Dubai philanthropist aims to build 101 Hindu shrines across the world to spread message of peace

Vasu Shroff founded one of the UAE’s oldest companies and still has lofty ambitions for the future

Dubai's textile king Vashu Shroff is still dreaming big at the age of 81.

Mr Shroff, chairman of the Regal Group, built his business empire after arriving in the UAE as a hopeful 19-year-old in 1960.

He went on to establish one of the longest-standing businesses in the country with interests in garments, technology and property.

His work is far from finished as he continues a remarkable mission to build 101 temples across the world.

The entrepreneur has shared memories and recipes for success in a biography A Regal Man.

"I started with a salary of 100 rupees in my brother's textile shop," Mr Shroff said in an interview with The National.

"I didn't think I would become a textile magnate or earn multi-millions.

“[But] Dubai is about hard work, knowing you want to become something.”

Minister pays tribute to man of 'humanitarian spirit'

The book captures the entrepreneurial spirit that powered the growth of the Emirates from the days before the Union.

Sheikh Nahyan bin Mubarak, Minister of Tolerance and Co-existence, in a foreword said he admired Mr Shroff’s service to the UAE and business ventures.

“In you, Vasu we recognise the important contributions that people from India have made to our country,” Sheikh Nahyan wrote.

“It is through the efforts of dedicated individuals like you, Vasu, that we will continue to advance and strengthen the ties between our two countries. We are thankful for your outstanding record of achievement in business and in public serve. We appreciate your humanitarian spirit.”

Mr Shroff recalls one of the turning points in his life when a watch dealer from Switzerland hired him as an agent in 1962 offering him a commission for every piece sold.

He sold the entire consignment in a single day, a sale roughly equivalent to $13million today.

“People immediately want what Dubai had to offer. This was true even then. It gave me great confidence that I could create a market and I could sell,” Mr Shroff said.

Places of worship bring people together

“I tell people start a business, be a creator but also let your life have meaning. You need to have a big heart, helping others will help you.”

He tells of the spirit of optimism that filled a small Hindu temple in Bur Dubai where he spent his evenings praying and keeping the shrine clean.

Mr Shroff has since built 40 temples around the world, mainly in India, with 16 more in progress.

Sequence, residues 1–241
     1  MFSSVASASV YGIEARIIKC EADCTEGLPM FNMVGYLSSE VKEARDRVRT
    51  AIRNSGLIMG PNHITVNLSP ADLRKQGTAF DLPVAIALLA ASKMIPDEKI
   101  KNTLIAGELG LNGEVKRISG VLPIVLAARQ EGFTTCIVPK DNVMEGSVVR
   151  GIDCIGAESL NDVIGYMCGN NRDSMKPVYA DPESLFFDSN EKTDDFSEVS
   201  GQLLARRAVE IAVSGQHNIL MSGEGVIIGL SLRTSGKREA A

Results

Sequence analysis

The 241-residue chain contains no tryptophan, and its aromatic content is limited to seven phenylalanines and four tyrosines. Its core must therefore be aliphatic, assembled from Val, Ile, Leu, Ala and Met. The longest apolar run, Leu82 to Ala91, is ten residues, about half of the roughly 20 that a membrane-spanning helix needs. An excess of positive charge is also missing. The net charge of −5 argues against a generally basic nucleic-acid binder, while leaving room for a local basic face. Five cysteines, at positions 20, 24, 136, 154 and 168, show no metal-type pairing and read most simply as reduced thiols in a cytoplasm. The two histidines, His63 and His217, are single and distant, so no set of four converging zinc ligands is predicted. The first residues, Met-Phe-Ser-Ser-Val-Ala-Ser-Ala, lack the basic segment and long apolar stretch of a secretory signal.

The project to build a new shrine in Dubai's Jebel Ali neighbourhood is led by his eldest son Raju Shroff, and will be ready by Diwali in October next year.

“It is my dream to make 101 temples. I like it because it sends a message of peace,” he said.

“It’s good to start and end your day with thanks and hope. I respect all religions and places of worship.

Dubai, United Arab Emirates - Reporter: Ramola Talwar. News. Vasu Shroff, the founder of the Regal Group, the Indian High School, India Club, temple in Bur Dubai has written a book about life in the Emirates before the Union in the 1960s and why and how he set up education, recreation and religious organisations for residents in the early days. Pictured with grandson Krish. Wednesday, April 7th, 2021. Dubai. Chris Whiteoak / The National

“The new temple in Dubai will be very unique. People will come to pray and all tourists will want to come and see it.”

He also taught PE, art and the Hindi language to a class of nine students in one-room in 1961 when the Indian High School in Dubai started. It has since grown to take in more than 13,000 pupils across three campuses in the UAE.

“Education is in my blood. There was no electricity, no proper roads then but people had plans, dreams and ambition for their children,” he said.

He continues to help at the temple in Bur Dubai and the schools.

Mr Shroff also helped establish the Indian Association in 1960 with a group of friends to help people with passport and visa-related issues.

The group opened the India Club in a small house in Dubai's Bastakiya in 1964 with a billiards table, a radiogram and screened movies every Friday.

It grew in popularity since there was only one other cinema hall in which people gathered.

The club now has more than 7,000 members.

He has helped in building homes for the elderly in India, cremation grounds including one in Dubai, a hospital and a school for the speech and hearing impaired in India.

The book is rich with anecdotes that make the early years come alive.

Mr Shroff was a census volunteer and set out in the early 1960s on foot and in a jeep to enumerate Dubai residents.

“This was before Dubai Municipality [was formed]. I was given the Jumeirah side. We visited houses for many days asking how many people and how many children lived there,” he said

Mr Shroff continues to come into the Regal office to assist people who seek his advice on careers, settling financial debt and legal issues.

He remains the signing authority for Hindu marriages conducted in the emirate.

It was his grandson Krish Shroff who came up with the idea of a memoir.

The 28-year-old wanted others to hear the stories his grandfather told over family meals.

"I realised that I'm fortunate as the grandson of a living legend. The advice I receive is so on point, relevant and insightful," the junior Shroff said.

"Dada's story is deeply personal for me and our family. It is also a legacy to be shared with future generations.

“The messages in the book are even more powerful during the pandemic when people need to reset and establish what is important in their lives.”

Renderings of the Hindu Temple under construction in Jebel Ali

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